"Lazy Sunday" performer Andy Samberg will now get the chance to enjoy lazy Saturdays. The actor and comedian has confirmed to The New York Times that he is in fact leaving Saturday Night Live, where he spent seven years as a cast member. "It's an incredibly emotional and strange moment in my life," he told the publication. "Obviously, it's not a huge shock, but I did decide not to come back."
Indeed, it's not a shock to Samberg and SNL
fans. The actor's exit has been rumored for months
, especially since Samberg's in the midst of promoting his movie career with films like June 15's That's My Boy
. And SNL
's Season 37 finale appeared to mark the end of Samberg's seven-season run — one week after airing his 100th Digital Short with the show, the cast member released a follow-up to "Lazy Sunday," the first sketch that catapulted his Shorts into viral territory. The sketch teased his possible exit with lyrics like: "On these New York streets I hone my fake rap penmanship / That's how it began, and that's how I'm-a finish it."
Of course, the most ardent fans of Samberg and the comedy troubadours that make up the actor's Lonely Island might be frustrated with the bow. After all, Kristen Wiig
, who also finished her run with SNL
this season, boasted an emotional send-off complete with the Rolling Stones and a cast singalong. Was there a reason Samberg didn't get a similar tribute? (And can we expect Jason Sudeikis
, the other rumored exiting cast member, to follow suit, especially after his dejected look during Wiig's final sketch?)
If his talk with The New York Times is any indication, the cast member had yet to commit to his exit. Said Samberg, "[Wiig] kept saying it just feels like her time ... I connect with that. Something about it just feels like it's the moment. My contract's up and I did so much more than I ever thought I would ever even do."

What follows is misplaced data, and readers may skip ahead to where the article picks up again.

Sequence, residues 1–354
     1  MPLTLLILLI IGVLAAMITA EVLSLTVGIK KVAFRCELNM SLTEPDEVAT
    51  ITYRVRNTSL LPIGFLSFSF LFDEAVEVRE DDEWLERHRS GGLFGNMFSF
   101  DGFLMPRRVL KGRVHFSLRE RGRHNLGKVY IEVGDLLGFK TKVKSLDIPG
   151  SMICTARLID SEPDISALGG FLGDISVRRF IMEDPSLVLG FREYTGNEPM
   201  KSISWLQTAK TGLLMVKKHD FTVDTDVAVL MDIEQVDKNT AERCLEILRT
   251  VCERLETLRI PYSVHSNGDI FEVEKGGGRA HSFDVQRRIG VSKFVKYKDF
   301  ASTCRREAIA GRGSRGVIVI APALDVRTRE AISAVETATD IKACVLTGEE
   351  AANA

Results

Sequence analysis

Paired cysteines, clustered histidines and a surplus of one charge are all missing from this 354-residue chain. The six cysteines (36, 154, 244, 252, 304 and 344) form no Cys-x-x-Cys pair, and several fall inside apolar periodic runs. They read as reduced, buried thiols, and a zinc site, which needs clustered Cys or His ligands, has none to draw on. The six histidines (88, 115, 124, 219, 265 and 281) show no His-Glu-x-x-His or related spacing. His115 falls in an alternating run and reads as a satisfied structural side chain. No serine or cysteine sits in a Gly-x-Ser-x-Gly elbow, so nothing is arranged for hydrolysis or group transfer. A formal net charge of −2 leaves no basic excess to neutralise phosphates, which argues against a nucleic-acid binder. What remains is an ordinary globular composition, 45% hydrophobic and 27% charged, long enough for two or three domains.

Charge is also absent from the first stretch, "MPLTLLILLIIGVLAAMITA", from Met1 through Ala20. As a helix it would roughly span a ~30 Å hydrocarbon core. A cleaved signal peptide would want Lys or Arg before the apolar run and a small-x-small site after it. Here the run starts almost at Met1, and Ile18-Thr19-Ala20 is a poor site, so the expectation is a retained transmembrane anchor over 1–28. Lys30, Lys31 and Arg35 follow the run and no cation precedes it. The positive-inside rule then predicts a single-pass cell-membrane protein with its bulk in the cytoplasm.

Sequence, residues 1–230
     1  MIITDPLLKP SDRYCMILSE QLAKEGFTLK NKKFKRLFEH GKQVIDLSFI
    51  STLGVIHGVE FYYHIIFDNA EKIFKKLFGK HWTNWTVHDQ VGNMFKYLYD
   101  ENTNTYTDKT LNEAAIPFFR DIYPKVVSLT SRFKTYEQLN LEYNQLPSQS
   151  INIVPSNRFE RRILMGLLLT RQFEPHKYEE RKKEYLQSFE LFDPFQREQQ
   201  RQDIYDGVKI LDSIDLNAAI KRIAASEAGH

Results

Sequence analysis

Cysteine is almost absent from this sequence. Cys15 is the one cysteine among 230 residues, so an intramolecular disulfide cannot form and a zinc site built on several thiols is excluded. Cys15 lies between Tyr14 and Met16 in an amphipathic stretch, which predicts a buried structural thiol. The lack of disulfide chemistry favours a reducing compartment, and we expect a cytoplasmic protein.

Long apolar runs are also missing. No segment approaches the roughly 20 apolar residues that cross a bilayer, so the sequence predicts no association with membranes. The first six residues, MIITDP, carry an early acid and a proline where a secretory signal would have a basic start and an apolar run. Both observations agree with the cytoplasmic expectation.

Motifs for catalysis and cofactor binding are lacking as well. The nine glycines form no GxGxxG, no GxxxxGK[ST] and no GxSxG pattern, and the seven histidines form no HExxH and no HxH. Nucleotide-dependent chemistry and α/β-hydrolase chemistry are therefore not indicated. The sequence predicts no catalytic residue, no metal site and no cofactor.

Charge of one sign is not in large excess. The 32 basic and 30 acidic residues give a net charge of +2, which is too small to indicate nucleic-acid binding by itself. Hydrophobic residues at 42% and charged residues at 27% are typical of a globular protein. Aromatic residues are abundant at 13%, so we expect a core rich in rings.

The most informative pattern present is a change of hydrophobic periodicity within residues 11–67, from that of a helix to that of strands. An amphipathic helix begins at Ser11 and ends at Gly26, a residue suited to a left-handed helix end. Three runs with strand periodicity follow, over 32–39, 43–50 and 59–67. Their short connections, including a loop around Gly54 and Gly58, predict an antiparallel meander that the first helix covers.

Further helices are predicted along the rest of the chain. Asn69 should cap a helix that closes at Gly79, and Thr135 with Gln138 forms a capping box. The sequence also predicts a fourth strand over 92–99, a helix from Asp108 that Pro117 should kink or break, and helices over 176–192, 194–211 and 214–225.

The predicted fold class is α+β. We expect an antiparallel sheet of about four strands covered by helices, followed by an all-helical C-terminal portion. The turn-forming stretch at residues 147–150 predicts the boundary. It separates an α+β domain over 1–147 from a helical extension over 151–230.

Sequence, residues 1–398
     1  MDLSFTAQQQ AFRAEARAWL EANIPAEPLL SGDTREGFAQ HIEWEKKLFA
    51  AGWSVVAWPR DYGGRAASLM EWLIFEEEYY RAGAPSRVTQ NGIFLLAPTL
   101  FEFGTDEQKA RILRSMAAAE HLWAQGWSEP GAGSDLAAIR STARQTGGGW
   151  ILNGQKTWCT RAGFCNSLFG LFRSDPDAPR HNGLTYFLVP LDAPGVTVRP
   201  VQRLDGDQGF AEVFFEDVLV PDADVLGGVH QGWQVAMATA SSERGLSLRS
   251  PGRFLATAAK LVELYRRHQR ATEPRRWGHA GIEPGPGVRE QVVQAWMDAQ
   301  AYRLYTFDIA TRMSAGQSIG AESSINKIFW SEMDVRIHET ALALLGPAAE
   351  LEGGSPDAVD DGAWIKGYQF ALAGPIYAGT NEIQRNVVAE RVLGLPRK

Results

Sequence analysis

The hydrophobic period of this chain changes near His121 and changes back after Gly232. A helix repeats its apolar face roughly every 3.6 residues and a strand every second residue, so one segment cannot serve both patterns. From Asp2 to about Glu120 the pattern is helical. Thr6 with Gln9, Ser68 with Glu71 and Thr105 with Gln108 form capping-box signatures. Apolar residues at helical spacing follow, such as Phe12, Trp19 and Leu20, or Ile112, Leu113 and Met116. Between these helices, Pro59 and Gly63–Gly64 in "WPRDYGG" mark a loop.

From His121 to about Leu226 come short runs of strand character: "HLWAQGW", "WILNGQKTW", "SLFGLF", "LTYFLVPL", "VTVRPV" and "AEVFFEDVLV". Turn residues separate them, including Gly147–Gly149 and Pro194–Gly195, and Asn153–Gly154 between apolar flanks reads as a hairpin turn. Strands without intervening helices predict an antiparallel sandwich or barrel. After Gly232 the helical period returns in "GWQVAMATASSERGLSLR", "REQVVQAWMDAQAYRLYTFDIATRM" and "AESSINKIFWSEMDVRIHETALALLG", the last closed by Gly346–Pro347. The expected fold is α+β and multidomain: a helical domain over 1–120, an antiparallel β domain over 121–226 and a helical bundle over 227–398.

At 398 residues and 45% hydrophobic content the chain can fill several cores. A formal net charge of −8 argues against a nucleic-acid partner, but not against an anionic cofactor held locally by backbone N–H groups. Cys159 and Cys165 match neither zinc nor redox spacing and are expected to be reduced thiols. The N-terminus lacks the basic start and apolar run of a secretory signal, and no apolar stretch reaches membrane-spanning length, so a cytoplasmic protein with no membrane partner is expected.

That includes characters like Shy Ronnie, Rick Santorum, and a Color Me Badd-esque "Dick in a Box" singer. These, of course, are all roles that seem silly to mention when you consider how much Samberg revitalized the long-running series. Sure, the sketch comedy show had TV Funhouse and other pre-taped segments under its belt before the cast member arrived, but Samberg, with his Digital Shorts, was the first to foresee and take advantage of a generation committed to viral social sharing. And they were influential enough to score him an Emmy award for the aforementioned "Dick in a Box."
Still, a New York Times interview doesn't seem enough of a bow for a "Motherlover" who made such a splash on the SNL scene. Thankfully for fans, we might see Samberg again on the small screen — the actor told the New York Times he hopes to work with the NBC series on Digital Shorts in the future.
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